October 10, 2004

When do you need to write the business plan?

"Business plans should be the last thing you do, not the first. The common wisdom seems to go like this: 'I've got a great idea, so I guess I better write a business plan'. Wrong," says Jeff Cornwall, the Jack C. Massey Chair in Entrepreneurship at Belmont University in Nashville, Tennessee.

According to him, entrepreneurs should get the following elements in place before sitting down to write the biz plan;


Research the market to make sure that there is really a market. Try to figure out what a customer might pay for what you want to sell. And look carefully at all of the competition to see if that market is already being nicely taken care of. And by the way, there is always competition, no matter what you try to tell me to the contrary. If the market potential is marginal, go on to your next idea.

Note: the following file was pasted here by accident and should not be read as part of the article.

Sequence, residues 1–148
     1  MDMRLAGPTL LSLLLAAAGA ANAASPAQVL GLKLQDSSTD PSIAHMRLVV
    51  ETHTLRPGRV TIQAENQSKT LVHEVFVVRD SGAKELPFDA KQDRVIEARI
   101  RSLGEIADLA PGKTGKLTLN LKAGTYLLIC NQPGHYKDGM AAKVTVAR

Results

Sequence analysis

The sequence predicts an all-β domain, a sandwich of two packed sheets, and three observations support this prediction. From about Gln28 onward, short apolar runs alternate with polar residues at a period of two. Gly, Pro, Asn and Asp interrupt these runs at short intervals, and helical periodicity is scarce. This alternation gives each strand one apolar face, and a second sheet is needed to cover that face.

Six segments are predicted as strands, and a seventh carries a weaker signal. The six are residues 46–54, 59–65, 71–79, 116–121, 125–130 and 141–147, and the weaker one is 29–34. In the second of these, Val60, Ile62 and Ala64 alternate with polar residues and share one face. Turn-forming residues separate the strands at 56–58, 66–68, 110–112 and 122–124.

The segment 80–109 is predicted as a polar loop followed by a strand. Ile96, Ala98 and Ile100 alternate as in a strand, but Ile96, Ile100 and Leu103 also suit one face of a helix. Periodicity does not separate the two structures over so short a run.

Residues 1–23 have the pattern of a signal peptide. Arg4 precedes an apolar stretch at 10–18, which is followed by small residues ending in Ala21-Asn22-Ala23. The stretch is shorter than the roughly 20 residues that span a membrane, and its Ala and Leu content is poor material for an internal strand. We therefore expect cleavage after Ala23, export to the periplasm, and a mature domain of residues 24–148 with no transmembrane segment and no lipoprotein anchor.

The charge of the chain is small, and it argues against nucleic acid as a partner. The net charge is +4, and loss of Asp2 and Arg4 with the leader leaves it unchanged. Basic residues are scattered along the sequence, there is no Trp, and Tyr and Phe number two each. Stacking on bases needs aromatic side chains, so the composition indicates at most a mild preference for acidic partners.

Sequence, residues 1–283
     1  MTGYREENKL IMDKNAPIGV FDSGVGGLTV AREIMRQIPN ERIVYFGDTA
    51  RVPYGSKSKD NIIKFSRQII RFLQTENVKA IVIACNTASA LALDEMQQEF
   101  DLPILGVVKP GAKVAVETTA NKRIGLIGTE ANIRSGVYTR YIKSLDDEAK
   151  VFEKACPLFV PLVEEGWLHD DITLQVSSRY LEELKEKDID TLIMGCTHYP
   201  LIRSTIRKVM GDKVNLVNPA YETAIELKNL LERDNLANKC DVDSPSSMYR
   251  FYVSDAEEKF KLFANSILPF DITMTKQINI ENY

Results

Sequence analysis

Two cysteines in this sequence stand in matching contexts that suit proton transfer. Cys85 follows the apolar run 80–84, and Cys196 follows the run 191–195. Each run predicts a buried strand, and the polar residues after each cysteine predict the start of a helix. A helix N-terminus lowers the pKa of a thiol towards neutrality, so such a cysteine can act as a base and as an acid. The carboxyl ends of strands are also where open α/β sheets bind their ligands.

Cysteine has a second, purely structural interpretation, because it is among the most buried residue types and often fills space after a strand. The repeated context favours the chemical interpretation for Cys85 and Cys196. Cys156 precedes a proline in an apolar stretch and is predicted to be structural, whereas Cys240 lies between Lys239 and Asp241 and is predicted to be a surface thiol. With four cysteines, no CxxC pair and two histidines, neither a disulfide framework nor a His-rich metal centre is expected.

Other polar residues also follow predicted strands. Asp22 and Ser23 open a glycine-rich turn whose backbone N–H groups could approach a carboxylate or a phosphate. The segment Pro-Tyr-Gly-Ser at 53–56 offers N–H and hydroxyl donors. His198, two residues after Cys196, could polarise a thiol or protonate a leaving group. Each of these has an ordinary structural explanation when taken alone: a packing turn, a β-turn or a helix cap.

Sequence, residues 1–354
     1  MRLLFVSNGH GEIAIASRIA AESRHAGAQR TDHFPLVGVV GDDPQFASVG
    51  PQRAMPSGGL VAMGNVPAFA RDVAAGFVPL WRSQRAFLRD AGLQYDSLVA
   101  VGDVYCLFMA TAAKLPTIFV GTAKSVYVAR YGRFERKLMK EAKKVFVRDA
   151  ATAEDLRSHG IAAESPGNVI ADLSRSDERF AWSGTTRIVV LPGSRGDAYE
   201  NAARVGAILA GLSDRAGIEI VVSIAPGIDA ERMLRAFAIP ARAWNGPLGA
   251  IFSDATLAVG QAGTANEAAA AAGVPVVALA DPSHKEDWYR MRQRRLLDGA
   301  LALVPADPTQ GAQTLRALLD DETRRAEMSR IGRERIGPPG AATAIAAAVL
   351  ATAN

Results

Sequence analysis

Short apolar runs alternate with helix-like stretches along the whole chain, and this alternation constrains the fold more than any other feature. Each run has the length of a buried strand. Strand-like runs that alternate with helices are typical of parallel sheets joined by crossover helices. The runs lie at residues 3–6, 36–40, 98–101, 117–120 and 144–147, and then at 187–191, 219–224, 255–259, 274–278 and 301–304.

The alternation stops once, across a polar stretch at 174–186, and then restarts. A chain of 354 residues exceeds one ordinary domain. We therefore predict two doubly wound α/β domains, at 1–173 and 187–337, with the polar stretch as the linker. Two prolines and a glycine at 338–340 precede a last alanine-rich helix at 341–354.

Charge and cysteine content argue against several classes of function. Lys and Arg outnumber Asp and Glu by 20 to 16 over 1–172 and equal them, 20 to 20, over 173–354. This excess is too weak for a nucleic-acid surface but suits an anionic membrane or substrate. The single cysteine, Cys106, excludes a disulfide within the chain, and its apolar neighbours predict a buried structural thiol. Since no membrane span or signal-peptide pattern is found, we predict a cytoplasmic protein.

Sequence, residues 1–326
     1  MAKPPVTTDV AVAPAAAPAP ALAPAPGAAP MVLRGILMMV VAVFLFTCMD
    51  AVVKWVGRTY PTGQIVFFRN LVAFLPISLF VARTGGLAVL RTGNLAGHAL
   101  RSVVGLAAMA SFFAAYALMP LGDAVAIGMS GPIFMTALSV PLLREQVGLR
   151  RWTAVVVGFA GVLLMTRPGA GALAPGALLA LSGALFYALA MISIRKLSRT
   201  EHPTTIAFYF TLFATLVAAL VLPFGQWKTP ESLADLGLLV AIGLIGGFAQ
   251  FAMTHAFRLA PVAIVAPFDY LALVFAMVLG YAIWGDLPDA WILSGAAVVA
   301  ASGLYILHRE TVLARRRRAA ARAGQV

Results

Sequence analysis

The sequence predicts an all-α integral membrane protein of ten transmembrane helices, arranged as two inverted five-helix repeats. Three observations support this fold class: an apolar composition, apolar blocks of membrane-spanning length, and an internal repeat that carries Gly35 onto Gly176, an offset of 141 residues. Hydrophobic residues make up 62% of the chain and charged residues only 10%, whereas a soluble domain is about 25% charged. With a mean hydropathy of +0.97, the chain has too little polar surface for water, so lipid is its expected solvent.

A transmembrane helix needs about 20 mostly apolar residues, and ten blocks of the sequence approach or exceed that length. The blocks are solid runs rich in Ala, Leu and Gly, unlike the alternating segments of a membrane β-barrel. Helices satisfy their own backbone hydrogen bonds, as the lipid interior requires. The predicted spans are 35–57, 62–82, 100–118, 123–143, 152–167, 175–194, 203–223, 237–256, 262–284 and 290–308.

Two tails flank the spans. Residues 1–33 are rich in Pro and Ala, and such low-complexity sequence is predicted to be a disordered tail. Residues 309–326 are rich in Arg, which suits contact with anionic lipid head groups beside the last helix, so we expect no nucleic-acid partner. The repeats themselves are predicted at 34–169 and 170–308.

Examine what it will cost to provide the service or make the product. Compare this cost to what you figured out you think you can charge in the previous step. If there is enough profit, keep going forward. Enough can be a difficult standard to nail down. But I like to see at least a 50% profit margin at this early stage. (Of you can't calculate profit margin, take an accounting class somewhere to learn how--you need to know the "language of business"). If there is not enough margin in your idea, give it up and go on to your next one.

Make sure you know what you're getting into. Lifestyle issues matter. Know the hours and the investment a business requires before jumping in. Make sure it is something that builds from your experiences in some way, and is something you can be passionate about. There will be some long days and weeks and even months, so do something that excites you and can carry you through these low points. If your hear can't be in this deal, go on to your next idea.


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